Which Advertising Method is Best for Your Business?
February 6th, 2013 by Arik Brooks
We are often asked, "Which kind of advertising should we do?" This is an important question since such a large portion of a budget can be spent on advertising. The question is complex, but there is an answer.
When I am asked, the question is inevitably followed up with a list of methods that the person would rather not do. They might say, "But I don't want to do direct mail." Or, "Print is dead, what about social media?" After spending tens of millions of dollars managing a variety of client budgets, the answer is quite clear. So, here goes.
All methods can work. That's right, they can all work. When they don't, it's more often a failure of timing, planning, creative execution, budgeting, or focus. I hear people say that print is dead all the time. I used to be someone who thought this. If I don't read the newspaper, then who does? Well, as a youngster, it turns out that I was wrong. I know this because after assigning call tracking numbers to different ads, I could clearly see that leads were indeed coming in from particular newspaper ads.
This article isn't about print, though. It's about the idea that a media option is simply a vehicle that delivers your message to an audience. The key is to find the media vendor that offers the largest amount of realistic opportunities, then providing an enticing reason to act AND delivering a message that is relevant to these folks. Lastly, it is important to deliver that message during a time that they are most likely to act.
Being realistic with your selected target audience is crucial. It's about efficiency, and you want to be as efficient as possible with each marketing dollar. We have had retail clients that told us that their customer base is a 50-mile radius around their location. But, when we ran an analysis of sales by town, it almost always turns out that over 80% of their sales would come from the town they were located in and the 4 or 5 towns that surround that location. So, any media that would spill over beyond this "true" radius becomes more and more inefficient the farther out you go. Or, in direct mail, if you have a giant list, you should constantly be eliminating targets that are unlikely to act. You might eliminate targets on geography, sales history, or other factors.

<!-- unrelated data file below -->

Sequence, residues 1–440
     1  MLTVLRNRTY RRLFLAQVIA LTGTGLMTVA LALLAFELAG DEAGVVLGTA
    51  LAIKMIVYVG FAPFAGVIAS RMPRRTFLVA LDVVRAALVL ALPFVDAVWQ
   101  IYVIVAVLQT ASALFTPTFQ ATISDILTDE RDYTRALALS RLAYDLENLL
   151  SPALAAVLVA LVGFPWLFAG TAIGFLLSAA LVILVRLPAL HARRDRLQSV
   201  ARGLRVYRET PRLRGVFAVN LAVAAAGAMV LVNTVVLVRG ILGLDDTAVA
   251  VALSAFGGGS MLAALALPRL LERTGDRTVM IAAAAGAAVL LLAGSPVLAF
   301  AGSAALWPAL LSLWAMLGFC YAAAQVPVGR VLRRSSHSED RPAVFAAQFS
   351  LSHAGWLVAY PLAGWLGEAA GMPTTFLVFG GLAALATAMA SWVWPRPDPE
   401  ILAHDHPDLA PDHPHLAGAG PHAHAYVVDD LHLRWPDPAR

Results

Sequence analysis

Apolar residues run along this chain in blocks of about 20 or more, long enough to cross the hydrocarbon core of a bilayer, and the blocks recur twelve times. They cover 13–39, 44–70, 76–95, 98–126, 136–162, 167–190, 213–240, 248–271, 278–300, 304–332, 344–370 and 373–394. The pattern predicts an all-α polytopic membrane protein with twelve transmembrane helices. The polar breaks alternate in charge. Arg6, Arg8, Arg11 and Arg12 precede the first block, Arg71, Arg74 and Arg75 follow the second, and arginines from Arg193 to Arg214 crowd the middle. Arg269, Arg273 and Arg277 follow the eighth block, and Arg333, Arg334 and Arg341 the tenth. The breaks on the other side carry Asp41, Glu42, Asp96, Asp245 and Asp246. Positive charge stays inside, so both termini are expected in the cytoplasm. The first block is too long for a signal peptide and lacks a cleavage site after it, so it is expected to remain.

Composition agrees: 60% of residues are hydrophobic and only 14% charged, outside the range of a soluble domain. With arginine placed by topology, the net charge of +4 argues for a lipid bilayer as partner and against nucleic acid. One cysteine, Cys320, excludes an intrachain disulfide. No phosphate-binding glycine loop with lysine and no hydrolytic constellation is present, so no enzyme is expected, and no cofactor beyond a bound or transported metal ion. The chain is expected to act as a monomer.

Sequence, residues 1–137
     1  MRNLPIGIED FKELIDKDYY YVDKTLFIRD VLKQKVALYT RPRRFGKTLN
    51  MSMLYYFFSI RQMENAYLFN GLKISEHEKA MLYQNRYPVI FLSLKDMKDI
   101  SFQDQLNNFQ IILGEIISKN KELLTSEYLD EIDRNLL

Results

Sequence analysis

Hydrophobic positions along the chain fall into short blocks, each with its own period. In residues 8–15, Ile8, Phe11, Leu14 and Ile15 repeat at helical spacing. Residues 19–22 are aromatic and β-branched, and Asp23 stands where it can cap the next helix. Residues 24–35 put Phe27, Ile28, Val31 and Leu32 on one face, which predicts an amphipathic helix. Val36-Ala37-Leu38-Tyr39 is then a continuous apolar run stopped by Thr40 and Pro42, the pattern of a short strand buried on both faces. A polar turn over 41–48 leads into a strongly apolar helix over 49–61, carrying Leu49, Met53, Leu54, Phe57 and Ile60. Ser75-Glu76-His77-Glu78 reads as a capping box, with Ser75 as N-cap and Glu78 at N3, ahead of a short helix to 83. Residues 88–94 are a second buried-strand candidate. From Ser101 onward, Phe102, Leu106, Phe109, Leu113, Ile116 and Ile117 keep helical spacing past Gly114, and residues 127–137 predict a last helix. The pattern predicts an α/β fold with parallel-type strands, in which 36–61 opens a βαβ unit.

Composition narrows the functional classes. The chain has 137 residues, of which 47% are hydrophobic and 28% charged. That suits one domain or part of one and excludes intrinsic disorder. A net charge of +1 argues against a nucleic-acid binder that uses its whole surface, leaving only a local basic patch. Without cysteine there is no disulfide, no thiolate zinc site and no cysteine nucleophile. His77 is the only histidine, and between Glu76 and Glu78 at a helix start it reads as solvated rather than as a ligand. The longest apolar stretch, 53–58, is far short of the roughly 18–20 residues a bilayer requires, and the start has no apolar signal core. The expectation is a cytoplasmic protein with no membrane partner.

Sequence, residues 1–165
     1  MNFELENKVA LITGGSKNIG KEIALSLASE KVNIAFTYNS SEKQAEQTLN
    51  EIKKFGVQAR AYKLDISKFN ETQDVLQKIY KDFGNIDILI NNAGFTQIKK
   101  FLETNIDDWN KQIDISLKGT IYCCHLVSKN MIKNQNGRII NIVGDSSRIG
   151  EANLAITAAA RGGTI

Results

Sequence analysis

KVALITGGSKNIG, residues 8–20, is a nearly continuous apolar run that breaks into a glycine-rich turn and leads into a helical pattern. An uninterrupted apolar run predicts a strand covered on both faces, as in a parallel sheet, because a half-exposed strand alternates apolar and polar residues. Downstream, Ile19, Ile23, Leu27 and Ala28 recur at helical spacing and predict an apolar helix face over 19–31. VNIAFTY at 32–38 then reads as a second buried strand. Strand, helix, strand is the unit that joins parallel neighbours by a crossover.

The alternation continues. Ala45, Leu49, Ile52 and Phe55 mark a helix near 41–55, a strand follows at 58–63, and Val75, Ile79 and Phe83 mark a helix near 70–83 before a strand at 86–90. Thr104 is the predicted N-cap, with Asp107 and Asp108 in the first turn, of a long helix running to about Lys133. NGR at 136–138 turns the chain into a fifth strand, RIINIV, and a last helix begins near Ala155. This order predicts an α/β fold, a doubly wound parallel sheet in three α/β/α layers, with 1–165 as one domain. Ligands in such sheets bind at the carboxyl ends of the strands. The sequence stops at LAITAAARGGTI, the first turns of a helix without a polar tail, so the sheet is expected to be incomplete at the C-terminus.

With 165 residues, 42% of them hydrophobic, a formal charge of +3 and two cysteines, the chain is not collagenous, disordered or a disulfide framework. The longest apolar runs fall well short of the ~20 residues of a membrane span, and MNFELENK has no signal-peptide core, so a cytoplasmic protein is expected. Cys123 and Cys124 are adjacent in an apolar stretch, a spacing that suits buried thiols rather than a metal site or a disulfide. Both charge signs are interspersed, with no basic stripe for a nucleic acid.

In all media, it is crucial that the targets you choose are realistic and have a chance of becoming a customer. If your conversion rate is low, then you have a very high bar for realizing return on your marketing investment.
We have found that timing is huge. If your audience isn't thinking about the problem that you have an answer for, then trying to get them to notice is very difficult. We have a client that sells oil and HVAC services. It is a simple equation:
Cold weather = people thinking about heat.
When people think about heat, they pay closer attention to ads about heat.
We increase our budget during periods right before and during cold weather, and the client enjoys many more leads.
When it is not cold, the number of leads is a fraction of what they are when it is cold. The ideal situation is to build top-of-mind awareness throughout the year, and peak budget expenditures during times that are most likely to convert to a sale. So, make hay while the sun shines.
The inconsistent delivery of your message can greatly reduce your chances for success. If you are not consistent, you cannot be frequent. If you are not frequent, you will not be remembered. If you are not remembered, then you have little chance of being considered when one decides that they might need what you offer.
Under-spending is a waste of money. If you are buying one option too thinly, or trying to buy too many media options with not enough money, both result in making too small of an impact. If your message is not noticed, it has no chance of converting. This is also true with newer social media campaigns like Facebook ads or pay-per-click campaigns like Google Adwords. The fact is, that most people who click will not act. So, you have to drive enough volume to get enough clicks from the "right" people to see a return. Too often online methods are sold like this: "Just spend $20 a day and you will get qualified clicks from only the people who are interested in what you have to sell." Problem is, with just $20 you get 20 or 30 clicks, all of whom are not interested, then your ad turns off. So, you have $20 in expense, 20 or so clicks, and no results. A click is just cost until it converts to a sale.
Saying Too Much
If you try to cram multiple messages into one small ad, you end up with confusion. People should not have to think about what you are saying; it should be obvious and very relevant to them. If you have a lot to say, create multiple ads and put them into a rotation.
All media options can work. But only if the audience, timing, budget, message, and offering are right. When you buy advertising, you are buying sets of eyes, ears, or both. This is the way that you should evaluate advertising options. Instead of making blanket statements about a particular option, think about the other aspects of your planning first, then choose the media that best fits the crucial elements of audience selection, timing, and creative execution. In future articles, I will discuss passive media versus active media.